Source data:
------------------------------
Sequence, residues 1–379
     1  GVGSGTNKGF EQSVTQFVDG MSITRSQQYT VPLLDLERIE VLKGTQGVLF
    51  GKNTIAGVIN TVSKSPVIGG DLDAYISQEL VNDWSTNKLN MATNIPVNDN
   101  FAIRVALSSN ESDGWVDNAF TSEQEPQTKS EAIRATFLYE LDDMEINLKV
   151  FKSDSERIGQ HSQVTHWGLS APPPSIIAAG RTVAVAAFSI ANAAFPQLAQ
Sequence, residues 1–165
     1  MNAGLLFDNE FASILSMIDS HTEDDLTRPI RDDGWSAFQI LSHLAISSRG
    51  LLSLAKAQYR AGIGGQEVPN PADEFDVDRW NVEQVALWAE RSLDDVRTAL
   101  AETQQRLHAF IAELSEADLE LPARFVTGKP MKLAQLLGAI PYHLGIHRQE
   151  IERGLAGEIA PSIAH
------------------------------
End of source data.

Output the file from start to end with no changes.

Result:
Sequence, residues 1–379
     1  GVGSGTNKGF EQSVTQFVDG MSITRSQQYT VPLLDLERIE VLKGTQGVLF
    51  GKNTIAGVIN TVSKSPVIGG DLDAYISQEL VNDWSTNKLN MATNIPVNDN
   101  FAIRVALSSN ESDGWVDNAF TSEQEPQTKS EAIRATFLYE LDDMEINLKV
   151  FKSDSERIGQ HSQVTHWGLS APPPSIIAAG RTVAVAAFSI ANAAFPQLAQ
Sequence, residues 1–165
     1  MNAGLLFDNE FASILSMIDS HTEDDLTRPI RDDGWSAFQI LSHLAISSRG
    51  LLSLAKAQYR AGIGGQEVPN PADEFDVDRW NVEQVALWAE RSLDDVRTAL
   101  AETQQRLHAF IAELSEADLE LPARFVTGKP MKLAQLLGAI PYHLGIHRQE
   151  IERGLAGEIA PSIAH